“Healthy” and “holiday cooking” mix about as well as oil and water, but last Thursday the staff at Piedmont Mountainside Medical Hospital busted open that oxymoron with tips for a sugar-free, sodium-free yuletide meal perfect for diabetics or others with dietary restrictions.
The sounds and smell of cooking rosemary and garlic permeated the hospital cafeteria, where Chef “Sam,” along with a hospital dietician, physician and a local pharmacist were on site to demonstrate cooking and field questions from the room of Dinner and Discussion participants.
Questions from the audience were by and large related to sugar and sugar substitutes, but the conversation did deviate at times, resulting in tips that any cook, even those with no dietary restrictions, can benefit from.
Here are our favorite pointers from the presentation and handout:
•Survey the food table before you take any food. Don’t waste calories on something you don’t really like.
•Eat your calories instead of drinking them. Stick to lower calorie drinks.
•Watch portion sizes. It’s okay not to fill your plate.
•Cooked pasta will stay good at least seven days in the fridge.
•If you don’t have a diet that restricts you from eating wheat, such as people with kidney problems or gluten intolerance, Chef Sam says always choose whole-wheat pasta for an instantly healthier dish.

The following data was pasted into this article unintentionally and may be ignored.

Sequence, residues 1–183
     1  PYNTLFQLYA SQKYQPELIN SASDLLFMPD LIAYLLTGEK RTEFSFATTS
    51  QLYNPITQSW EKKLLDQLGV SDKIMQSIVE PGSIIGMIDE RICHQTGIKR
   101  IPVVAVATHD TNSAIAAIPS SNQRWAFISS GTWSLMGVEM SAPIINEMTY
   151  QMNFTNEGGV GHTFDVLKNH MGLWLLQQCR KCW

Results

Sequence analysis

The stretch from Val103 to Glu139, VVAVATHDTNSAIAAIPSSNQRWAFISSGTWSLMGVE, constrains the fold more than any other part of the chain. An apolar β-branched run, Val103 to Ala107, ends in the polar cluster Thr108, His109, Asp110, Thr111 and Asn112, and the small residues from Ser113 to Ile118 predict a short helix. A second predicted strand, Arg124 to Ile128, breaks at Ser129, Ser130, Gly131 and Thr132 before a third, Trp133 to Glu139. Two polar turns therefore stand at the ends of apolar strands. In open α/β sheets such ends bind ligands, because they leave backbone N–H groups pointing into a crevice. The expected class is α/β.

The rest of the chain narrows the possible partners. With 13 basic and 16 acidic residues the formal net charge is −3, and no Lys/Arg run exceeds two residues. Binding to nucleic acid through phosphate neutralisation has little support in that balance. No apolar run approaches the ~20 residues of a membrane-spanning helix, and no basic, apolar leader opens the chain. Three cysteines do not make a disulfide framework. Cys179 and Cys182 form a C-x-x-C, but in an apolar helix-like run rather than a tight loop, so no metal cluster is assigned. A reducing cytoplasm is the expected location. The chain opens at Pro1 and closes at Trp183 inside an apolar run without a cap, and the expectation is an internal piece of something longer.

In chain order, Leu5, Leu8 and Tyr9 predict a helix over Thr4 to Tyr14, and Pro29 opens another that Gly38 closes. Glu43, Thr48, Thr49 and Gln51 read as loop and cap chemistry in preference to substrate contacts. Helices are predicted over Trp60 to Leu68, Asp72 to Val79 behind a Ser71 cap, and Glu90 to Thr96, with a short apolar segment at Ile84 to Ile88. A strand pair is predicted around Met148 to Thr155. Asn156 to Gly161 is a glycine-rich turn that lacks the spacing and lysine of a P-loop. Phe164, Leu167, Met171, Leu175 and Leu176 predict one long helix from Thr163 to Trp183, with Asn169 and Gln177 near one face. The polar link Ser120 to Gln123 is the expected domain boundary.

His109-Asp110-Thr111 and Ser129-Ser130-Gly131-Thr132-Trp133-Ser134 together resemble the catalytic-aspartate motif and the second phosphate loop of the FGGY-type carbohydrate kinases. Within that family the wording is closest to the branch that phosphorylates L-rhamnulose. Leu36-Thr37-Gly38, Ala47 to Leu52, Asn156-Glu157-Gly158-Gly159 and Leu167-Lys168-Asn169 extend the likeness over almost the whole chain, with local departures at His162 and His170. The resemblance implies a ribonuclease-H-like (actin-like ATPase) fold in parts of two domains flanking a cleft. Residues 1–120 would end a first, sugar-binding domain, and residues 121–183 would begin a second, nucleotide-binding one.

•Don’t spend a fortune on colored sugar for your cookies or other confections. All you have to do is add one drop of food coloring per cup of sugar and shake together in a Ziploc bag.
•Oregano is a chef’s secret ingredient. Add it to soups, stews, Cole slaw or sauces to bring out the flavor of other ingredients.
•If you can’t or choose not to add sugar or salt to your sauces, try adding a whole or ground carrot to take out some of the acidity from the tomatoes.
•Mrs. Dash is a salt-free seasoning made from dried herbs, spices and vegetables. Chef Sam highly recommends the spice and used Mrs. Dash to season his Thanksgiving turkey over salt-based seasonings.
•Opened spices stored at room temperature will only last four months, but storing them in the freezer will lengthen their shelf life by years, especially if they remain sealed.
•Never store spices above the stove. The heat will make them lose flavor quicker.
•Sea salt is no better for you than regular salt, the dietician said, who noted that sea salt is less potent, which means you may use more.
•Frozen cake will last one year if sealed tightly.
•Following a question about the health benefits of Splenda, the dietician said she has yet to come across anything negative. Splenda is sugar that is chemically altered with chlorine to make it unabsorbable, and the dietician said she is not certain at this time what the long-term effects of chlorine are on the body. She did note there has been controversy about use of artificial sweeteners efficacy in promoting weight loss.
•Stevia (which is also marketed under the name Truvia) is a plant and is safer than Splenda, although not as sweet, according to the dietician.
•Raw sugar and honey are not any healthier than regular sugar, the dietician said.
•Chef Sam says the slower you bake cakes or cook meat the better. Moisture is lost in the cooking process if cooked at a high heat.